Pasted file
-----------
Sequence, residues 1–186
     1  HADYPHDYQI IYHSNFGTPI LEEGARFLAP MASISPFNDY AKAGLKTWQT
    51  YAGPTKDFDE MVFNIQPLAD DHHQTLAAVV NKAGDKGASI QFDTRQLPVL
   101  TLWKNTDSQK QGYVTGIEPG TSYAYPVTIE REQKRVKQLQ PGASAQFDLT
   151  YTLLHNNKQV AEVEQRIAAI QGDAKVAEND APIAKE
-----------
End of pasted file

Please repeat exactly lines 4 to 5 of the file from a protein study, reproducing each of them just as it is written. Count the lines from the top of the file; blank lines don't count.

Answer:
   101  TLWKNTDSQK QGYVTGIEPG TSYAYPVTIE REQKRVKQLQ PGASAQFDLT
   151  YTLLHNNKQV AEVEQRIAAI QGDAKVAEND APIAKE